As Reece prepares for his mission, events lead him to believe he is not just confronting an external terrorist threat but, once again, forces within the U.S. government willing to kill indiscriminately to get their way. Finally, the time comes to approach his former trainee and get to the bottom of what is going on. From this point on, the story is what you’d expect of a thriller, with tradecraft, intrigue, betrayal, and discovery of a dire threat with extreme measures taken under an imminent deadline to avoid catastrophe.
The pacing of the story is…odd. The entire first third of the book is largely occupied by Reece sailing his boat and working at the game reserve. Now, single-handedly sailing a sailboat almost halfway around the globe is challenging and an adventure, to be sure, and a look inside the world of an African hunting reserve is intriguing, but these are not what thriller readers pay for, nor do they particularly develop the character of James Reece, employ his unique skills, or reveal things about him we don’t already know. We’re half way through the book before Reece achieves his first goal of making contact with his former trainee, and it’s only there that the real mission gets underway. And as the story ends, although a number of villains have been dispatched in satisfying ways, two of those involved in the terrorist plot (but not its masterminds) remain at large, for Reece to hunt down, presumably in the next book, in a year or so. Why not finish it here, then do something completely different next time?
I hope international agents don’t take their tax advice from this novel. The CIA agent who “recruits” Reece tells him “It’s a contracted position. You won’t pay taxes on most of it as long as you’re working overseas.” Wrong! U.S. citizens (which Reece, more fool him, remains) owe U.S. taxes on all of their worldwide income, regardless of the source. There is an exclusion for salary income from employment overseas, but this would not apply for payments by the CIA to an independent contractor. Later in the book, Reece receives a large cash award from a foreign government for dispatching a terrorist, which he donates to support the family of a comrade killed in the operation. He would owe around 50% of the award as federal and California state income taxes (since his last U.S. domicile was the once-golden state) off the top, and unless he was extraordinarily careful (which there is no evidence he was), he’d get whacked again with gift tax as punishment for his charity. Watch out, Reece, if you think having the FBI, CIA, and Naval Criminal Investigative Service on your tail is bad, be glad you haven’t yet crossed the IRS or the California Franchise Tax Board!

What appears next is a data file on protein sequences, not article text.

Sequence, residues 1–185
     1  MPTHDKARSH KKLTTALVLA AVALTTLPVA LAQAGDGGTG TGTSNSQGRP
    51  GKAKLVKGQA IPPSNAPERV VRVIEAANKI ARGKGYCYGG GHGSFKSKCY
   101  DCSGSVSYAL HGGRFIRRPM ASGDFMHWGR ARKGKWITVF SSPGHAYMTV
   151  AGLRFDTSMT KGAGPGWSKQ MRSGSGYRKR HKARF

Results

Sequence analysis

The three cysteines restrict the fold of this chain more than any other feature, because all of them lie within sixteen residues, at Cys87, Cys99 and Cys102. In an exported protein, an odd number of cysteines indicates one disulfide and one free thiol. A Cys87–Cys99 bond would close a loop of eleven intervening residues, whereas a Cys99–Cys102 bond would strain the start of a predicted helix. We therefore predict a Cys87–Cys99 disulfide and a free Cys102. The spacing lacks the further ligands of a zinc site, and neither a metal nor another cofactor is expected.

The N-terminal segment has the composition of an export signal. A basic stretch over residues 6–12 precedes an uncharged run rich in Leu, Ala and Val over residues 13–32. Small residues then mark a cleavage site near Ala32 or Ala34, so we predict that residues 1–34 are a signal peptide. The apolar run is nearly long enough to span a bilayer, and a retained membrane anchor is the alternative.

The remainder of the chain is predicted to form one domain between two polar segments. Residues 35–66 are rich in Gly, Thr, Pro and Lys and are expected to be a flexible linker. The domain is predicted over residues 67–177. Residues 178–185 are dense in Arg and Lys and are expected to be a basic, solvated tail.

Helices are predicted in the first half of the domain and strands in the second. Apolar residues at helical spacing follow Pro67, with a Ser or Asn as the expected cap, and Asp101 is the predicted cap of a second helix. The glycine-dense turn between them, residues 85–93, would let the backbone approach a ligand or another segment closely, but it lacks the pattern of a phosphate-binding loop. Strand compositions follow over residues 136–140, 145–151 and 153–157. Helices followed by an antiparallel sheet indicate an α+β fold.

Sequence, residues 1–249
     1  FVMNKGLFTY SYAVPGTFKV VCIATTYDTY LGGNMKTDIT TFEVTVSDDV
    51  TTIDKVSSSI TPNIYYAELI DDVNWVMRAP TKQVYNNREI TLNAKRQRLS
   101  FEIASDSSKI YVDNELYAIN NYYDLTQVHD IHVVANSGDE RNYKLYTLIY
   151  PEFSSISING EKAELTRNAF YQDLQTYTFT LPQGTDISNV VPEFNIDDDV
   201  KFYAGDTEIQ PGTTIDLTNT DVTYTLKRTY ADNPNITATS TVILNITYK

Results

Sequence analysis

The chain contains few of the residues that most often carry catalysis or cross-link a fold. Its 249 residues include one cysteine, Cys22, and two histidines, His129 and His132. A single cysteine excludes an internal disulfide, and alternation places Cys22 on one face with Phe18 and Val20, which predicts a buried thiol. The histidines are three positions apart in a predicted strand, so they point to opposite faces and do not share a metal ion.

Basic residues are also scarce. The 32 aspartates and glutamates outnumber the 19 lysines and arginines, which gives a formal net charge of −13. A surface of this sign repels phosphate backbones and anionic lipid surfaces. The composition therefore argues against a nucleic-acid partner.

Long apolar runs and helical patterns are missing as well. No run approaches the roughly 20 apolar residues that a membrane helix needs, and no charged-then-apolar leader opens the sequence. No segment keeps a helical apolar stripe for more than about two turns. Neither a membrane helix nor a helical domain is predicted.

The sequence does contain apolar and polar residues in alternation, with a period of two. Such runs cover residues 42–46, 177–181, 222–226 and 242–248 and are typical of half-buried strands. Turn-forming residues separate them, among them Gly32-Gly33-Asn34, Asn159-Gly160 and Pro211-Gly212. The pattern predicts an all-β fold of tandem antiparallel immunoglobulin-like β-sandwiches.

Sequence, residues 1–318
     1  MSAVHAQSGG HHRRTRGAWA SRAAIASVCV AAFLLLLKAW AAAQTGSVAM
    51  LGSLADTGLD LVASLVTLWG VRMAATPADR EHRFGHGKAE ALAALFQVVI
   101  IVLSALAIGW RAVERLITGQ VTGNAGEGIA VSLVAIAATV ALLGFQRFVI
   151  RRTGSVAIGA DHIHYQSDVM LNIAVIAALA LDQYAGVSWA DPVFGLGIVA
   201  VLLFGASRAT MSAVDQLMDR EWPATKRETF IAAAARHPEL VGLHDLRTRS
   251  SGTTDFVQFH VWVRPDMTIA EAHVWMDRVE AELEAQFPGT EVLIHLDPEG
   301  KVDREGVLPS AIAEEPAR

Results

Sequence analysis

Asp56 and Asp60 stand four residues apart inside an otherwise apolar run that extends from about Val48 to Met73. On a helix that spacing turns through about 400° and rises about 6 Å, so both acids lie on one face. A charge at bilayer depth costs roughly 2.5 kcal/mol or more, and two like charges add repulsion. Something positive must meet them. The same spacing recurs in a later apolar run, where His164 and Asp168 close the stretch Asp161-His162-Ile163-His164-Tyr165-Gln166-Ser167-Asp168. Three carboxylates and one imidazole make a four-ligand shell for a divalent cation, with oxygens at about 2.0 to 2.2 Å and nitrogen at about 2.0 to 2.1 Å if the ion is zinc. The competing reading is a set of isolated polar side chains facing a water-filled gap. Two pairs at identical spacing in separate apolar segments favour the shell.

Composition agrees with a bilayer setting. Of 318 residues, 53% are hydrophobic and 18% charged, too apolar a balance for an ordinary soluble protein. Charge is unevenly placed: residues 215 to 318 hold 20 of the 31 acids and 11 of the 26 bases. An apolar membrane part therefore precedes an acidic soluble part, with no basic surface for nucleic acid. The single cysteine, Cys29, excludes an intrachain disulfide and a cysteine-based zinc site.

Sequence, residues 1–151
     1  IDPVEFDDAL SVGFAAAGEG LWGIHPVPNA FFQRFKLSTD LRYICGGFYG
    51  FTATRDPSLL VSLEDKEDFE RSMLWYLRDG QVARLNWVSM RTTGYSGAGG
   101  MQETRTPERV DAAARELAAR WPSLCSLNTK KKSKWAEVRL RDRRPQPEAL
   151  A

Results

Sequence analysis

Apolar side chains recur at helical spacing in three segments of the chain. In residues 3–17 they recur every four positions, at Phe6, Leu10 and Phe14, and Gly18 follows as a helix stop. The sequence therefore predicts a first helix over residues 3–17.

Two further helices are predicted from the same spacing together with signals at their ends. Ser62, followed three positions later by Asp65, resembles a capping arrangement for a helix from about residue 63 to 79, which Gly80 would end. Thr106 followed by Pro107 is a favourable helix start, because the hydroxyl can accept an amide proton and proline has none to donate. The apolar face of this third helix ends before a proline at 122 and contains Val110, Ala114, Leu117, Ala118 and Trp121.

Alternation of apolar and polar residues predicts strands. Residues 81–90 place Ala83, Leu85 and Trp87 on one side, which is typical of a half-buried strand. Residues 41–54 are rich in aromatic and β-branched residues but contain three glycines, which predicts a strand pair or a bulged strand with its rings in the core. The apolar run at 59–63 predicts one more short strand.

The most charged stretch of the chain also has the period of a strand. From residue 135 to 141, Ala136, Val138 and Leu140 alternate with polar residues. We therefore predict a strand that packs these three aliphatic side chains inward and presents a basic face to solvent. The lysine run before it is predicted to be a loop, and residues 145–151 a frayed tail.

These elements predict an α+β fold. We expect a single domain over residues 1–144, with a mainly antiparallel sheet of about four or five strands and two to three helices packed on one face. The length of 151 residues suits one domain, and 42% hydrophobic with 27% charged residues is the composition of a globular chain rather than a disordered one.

The Kindle edition does not have the attention to detail you’d expect from a Big Five New York publisher (Simon and Schuster) in a Kindle book selling for US$13. In five places in the text, HTML character entity codes like “&8201;” (the code for the thin space used between adjacent single and double quote marks) appear in the text. What this says to me is that nobody at this professional publishing house did a page-by-page proof of the Kindle edition before putting it on sale. I don’t know of a single independently-published science fiction author selling works for a fraction of this price who would fail to do this.
This is a perfectly competent thriller, but to this reader it does not come up to the high standard set by the debut novel. You should not read this book without reading The Terminal List first; if you don’t, you’ll miss most of the story of what made James Reece who he is here.
Carr, Jack. True Believer. New York: Atria Books, 2019. ISBN 978-1-5011-8084-2.